Bokeh……Boken…..Bokeeen…..Bokoow…. there are many different ways people say the photography term Bokeh which is properly pronounced BOH – Kay.
I’m paraphrasing here but it can be explained as the way that your lens presents or shows the out of focus points of light in your image.
Hover of the “+” symbols for examples of what is Bokeh and what is not Bokeh in this image.
In reality it doesn’t matter how you pronounce it or even how you can explain it. What really matters is how you can master using it and advancing your photography skills with Bokeh. The concept of Bokeh is relatively straightforward when looking at it from high level of thinking. If you put your aperture / (f-stop) to a lower number being anywhere between 1.2 to 5.6 depending on the limitations of your lens, then in logic you should be able to blur out the background and get that beautiful light Bokeh. The only problem is that in photography it’s not always that simple or straight forward and in this case, getting that rounded Bokeh you want will require some problem solving, light and aperture knowledge.
In this article i’m going to explain to you the concept of Bokeh and give you some
tips on how you can be the most successful when it comes to trying to achieve it in your images.
Now, one of the most important things to know is that, the Bokeh is a byproduct of having a shallow depth of field with light(s) in the background. You know, that area that is in the picture that is out of focus. If you do not know what DOF or depth of field is I strongly recommend you learn about that concept first. The quality of your DOF and the Bokeh is determined by the aperture you use and the kind of light you have in the background of your image.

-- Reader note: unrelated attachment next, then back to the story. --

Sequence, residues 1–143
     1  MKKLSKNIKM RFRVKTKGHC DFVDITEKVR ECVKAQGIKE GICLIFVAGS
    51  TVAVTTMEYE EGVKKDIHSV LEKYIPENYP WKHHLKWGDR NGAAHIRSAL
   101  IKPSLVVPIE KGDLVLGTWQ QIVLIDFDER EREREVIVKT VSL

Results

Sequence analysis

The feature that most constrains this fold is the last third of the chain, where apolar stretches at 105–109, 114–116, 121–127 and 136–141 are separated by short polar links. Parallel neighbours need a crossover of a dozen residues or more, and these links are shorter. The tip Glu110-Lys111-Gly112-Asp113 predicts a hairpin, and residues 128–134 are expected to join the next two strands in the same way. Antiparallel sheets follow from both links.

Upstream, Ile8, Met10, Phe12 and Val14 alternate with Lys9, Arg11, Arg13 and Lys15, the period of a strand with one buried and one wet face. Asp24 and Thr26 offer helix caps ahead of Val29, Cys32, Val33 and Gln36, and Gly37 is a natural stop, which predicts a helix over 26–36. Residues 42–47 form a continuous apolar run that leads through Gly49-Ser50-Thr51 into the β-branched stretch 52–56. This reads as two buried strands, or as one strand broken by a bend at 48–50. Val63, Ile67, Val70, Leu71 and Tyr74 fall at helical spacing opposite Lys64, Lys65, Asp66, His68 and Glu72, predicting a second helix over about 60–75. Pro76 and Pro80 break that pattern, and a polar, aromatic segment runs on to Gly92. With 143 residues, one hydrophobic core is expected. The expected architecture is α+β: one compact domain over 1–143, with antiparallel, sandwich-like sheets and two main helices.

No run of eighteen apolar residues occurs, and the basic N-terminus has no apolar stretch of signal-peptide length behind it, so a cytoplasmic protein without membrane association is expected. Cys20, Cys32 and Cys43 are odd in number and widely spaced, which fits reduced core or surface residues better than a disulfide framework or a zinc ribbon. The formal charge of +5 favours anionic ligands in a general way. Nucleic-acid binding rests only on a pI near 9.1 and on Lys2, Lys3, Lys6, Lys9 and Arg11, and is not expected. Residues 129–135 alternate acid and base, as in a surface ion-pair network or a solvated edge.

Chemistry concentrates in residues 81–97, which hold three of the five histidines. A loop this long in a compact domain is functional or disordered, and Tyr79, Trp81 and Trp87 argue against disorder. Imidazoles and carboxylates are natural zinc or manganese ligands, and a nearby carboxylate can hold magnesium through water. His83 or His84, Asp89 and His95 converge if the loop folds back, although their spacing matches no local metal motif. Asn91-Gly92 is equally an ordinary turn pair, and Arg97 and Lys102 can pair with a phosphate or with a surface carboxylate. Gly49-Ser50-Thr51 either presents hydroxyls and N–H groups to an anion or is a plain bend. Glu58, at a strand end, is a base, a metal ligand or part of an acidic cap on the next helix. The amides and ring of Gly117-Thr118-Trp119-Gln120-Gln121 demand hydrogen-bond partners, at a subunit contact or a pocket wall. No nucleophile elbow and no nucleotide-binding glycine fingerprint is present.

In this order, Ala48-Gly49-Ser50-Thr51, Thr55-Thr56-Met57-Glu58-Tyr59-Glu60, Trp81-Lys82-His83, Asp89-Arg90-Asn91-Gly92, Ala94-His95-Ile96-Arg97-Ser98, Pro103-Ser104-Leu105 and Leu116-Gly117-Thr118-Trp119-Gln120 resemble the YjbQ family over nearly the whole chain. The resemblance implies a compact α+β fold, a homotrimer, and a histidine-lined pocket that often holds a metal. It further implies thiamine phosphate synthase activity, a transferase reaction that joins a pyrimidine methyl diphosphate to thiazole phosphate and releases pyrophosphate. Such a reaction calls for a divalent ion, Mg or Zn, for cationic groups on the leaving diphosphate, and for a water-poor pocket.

You will notice that in this image there is a blurry background which is from having a shallow depth of field and the small lights that are in the background aka the Bokeh are bright orange and circular.
Camera Settings: ISO – 800 | f-stop – 3.2 | Shutter Speed 1/250
In the image below you will notice that there is no bokeh despite having a bright sun in the image. The lack of Bokeh is because of the lack of Depth of field and the lack of many different light sources. In order to get that bokeh you need many little light sources compared to just one light source.
Camera Settings: ISO – 200 | f-stop – 16 | Shutter Speed 1/125
In the image below you will notice that there is limited to NO Bokeh except for a little bit at the bottom right corner despite having a really shallow depth of field. That lack of bokeh is because there is really only one big light source at the bottom right. If there was a lamp that was on in the left side of the image then there would be a bokeh effect for each light bulb.
Camera Settings: ISO – 1000 | f-stop – 2.8 | Shutter Speed 1/500
The key thing to remember is that to achieve a bokeh effect in your image you need a shallow depth of field from a lower aperture (1.2 to 5.6) and many light sources that are further away and out of focus.
Thanks for sticking around and learning a little bit more about Bokeh. If you would like to have me post an article on a specific topic simply send me a message or leave a comment in the box below.
Thanks for reading. Be inspired and never stop taking photos.